Happy Easter and messages of hope from Key Stage 2

Please see your child’s Google classroom page for Easter wishes from our younger children!

Enjoy a few festive treats from the children in Key Stage 2!

 

At the end of each term we celebrate the children’s achievements in Celebration Worship. Click on the link to watch the video (you’ll need to be signed in with your child’s login).

Congratulations to all of our fantastic pupils – you’ve been brilliant!

 

 

 

Are Key Stage 2 excited about Christmas? Hmmm… we’re not sure – see what you think:

 

Welcome to South Baddesley!

We’re excited to share our short welcome film with you which gives a flavour of school life here at SBS.

 

 

 

 

Each year, the children in Gruffalo are welcomed to SBS by their buddies. This year, things have needed to be a little different – check out this year’s buddy welcome on Learners Pool by clicking here.

(You will need to be logged in with your child’s google account to access the video).

 

On Friday 12th June we held our first ever, extraordinary SBS Virtual Sports Day 2020! It’s wonderful how, in spite of the restrictions of the pandemic, the logistical difficulties and even a spot of rain, our families came together to keep the tradition of our sports day alive. We were impressed with your level of commitment – and your ability to find small orange cones from somewhere! Many families marked lines on their grass, roped in younger siblings and parents and some even made rosettes or awards. The children who were able to be in school also participated enthusiastically with a lot of laughter and competitive spirit. Most importantly, everyone who took part was active and had a lot of fun.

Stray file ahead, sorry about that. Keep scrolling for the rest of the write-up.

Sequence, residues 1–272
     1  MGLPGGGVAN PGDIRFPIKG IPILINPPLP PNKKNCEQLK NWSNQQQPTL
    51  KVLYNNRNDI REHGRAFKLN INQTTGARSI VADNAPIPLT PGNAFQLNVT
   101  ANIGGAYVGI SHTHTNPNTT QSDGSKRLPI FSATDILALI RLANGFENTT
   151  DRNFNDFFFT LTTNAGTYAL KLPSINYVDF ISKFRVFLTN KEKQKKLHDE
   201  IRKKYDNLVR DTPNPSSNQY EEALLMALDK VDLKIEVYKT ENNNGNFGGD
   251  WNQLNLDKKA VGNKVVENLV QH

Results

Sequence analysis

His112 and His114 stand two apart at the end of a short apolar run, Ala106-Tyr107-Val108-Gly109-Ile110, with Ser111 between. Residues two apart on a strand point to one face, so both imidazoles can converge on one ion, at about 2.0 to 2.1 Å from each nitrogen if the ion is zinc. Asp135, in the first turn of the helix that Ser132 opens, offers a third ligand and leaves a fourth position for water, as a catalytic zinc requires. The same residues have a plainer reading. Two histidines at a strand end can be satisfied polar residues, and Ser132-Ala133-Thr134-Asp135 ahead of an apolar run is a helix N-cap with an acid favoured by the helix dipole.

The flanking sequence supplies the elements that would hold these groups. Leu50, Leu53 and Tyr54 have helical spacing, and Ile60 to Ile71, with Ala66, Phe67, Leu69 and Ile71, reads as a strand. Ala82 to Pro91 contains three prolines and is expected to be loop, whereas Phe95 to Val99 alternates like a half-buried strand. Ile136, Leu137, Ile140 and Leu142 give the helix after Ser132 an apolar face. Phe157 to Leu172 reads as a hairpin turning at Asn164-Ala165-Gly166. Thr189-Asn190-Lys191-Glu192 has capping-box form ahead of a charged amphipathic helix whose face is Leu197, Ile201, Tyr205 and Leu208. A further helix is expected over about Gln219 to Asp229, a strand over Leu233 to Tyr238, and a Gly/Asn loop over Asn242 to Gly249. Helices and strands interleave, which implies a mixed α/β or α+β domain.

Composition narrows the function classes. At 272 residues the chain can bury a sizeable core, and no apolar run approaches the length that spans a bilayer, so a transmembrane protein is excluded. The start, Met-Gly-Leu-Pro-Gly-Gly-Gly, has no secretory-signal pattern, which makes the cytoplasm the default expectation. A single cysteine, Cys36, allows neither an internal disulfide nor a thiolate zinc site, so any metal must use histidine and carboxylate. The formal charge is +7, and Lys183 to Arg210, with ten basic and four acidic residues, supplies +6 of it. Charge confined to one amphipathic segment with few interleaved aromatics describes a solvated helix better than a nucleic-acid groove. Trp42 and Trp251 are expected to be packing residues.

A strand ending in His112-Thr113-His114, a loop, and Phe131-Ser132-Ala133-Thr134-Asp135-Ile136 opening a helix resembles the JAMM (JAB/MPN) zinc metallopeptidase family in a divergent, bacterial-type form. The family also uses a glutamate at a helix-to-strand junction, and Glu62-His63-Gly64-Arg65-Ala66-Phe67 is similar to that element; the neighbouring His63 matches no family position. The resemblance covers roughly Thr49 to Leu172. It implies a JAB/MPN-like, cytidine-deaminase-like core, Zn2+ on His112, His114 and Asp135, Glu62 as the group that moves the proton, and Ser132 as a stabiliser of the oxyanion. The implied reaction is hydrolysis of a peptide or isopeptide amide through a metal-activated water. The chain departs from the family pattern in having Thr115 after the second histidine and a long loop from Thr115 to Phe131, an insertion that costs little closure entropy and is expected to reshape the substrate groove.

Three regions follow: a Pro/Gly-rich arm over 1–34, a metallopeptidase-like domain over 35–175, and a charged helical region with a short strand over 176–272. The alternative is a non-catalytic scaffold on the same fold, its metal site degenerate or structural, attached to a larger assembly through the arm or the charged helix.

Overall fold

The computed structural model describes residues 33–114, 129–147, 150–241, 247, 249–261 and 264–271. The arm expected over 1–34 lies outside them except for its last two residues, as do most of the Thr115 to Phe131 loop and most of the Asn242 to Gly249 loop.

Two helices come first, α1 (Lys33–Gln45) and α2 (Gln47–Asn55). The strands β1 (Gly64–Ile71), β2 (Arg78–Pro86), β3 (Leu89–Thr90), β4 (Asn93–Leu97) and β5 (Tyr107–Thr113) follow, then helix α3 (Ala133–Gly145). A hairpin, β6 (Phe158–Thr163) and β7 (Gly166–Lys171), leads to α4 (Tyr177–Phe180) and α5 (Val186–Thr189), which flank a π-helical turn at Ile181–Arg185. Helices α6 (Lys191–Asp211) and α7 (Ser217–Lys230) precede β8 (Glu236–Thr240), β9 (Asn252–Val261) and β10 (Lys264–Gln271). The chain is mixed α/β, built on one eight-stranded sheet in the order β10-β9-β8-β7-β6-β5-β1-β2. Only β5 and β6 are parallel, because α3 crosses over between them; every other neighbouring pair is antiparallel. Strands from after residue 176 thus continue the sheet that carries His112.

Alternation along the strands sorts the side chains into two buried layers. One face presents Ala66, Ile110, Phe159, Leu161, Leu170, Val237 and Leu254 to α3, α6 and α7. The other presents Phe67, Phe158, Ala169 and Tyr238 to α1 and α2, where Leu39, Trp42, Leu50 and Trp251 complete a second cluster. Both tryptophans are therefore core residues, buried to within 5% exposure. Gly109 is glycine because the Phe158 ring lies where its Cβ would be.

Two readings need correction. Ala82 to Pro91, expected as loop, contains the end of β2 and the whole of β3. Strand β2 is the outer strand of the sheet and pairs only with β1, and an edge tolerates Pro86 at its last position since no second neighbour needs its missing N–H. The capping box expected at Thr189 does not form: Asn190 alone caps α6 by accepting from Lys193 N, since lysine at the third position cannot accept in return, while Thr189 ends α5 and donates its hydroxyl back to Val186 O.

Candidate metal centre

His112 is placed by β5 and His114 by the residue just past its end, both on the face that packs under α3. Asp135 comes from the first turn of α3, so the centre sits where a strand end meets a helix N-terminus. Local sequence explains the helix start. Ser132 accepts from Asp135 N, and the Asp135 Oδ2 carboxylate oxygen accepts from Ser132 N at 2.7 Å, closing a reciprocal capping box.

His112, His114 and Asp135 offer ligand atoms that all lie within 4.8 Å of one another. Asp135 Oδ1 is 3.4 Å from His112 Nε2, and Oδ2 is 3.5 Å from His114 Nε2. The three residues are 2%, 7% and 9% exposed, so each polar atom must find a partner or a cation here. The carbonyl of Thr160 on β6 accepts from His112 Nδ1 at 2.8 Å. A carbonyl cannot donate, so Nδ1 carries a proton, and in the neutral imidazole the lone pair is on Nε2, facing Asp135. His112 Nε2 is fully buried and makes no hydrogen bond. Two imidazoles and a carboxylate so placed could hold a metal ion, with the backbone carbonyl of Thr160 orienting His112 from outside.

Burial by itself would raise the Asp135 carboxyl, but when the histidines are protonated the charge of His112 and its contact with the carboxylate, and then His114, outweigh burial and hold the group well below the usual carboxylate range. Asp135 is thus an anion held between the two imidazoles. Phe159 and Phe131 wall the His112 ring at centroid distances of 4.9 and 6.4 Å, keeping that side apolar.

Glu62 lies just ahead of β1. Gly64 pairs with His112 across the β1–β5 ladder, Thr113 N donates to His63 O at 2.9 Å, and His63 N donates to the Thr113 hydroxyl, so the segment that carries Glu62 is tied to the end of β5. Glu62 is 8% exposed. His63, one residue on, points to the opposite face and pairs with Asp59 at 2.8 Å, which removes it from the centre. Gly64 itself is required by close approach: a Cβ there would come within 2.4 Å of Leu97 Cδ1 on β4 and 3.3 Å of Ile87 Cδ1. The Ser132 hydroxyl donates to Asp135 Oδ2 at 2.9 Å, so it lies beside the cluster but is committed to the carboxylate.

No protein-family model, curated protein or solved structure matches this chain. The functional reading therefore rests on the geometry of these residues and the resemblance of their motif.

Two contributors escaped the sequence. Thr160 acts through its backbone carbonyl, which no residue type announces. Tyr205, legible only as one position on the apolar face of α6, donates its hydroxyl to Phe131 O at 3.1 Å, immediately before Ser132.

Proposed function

You can see photos from our virtual sports day on Learners Pool and we have also made a video to celebrate this unusual and inspiring day – check your emails for the video link sent my Mrs Fordham. Thank you to our Year 6s, Miss Scott and Mrs Barna for their support in bring our virtual sports day to life.

Mrs Moir will be announcing the final results in her newsletter on Friday!

Welcome back ‘Garden Explorers’! I hope you had lots of fun and adventures over the half-term break. I especially enjoyed camping in my back garden and looking for nature in the early evening. It’s much cooler at this time of day and there’s lots to see and hear. Maybe you noticed bats flittering around, scuttling stag beetles, heard nightjars churring from across the heathland or seabirds overhead and smelt the delicate smell of honeysuckle in the air? I was so excited about my discoveries I wanted to draw and share my memories.

Drawing outdoors teaches us how to be still, to be observant and care for living things. You’ll be amazed at how well you can draw when you stop and really look at nature.

Here are some tips to help you get creative:

  • Firstly, you’ll need a sketch book or drawing paper attached to strong cardboard – the back page of a notebook is perfect. A sketching pencil, a small box of watercolours with a brush and pot of water. I like using watercolour pens and pencils – then you can decide whether to add water or not.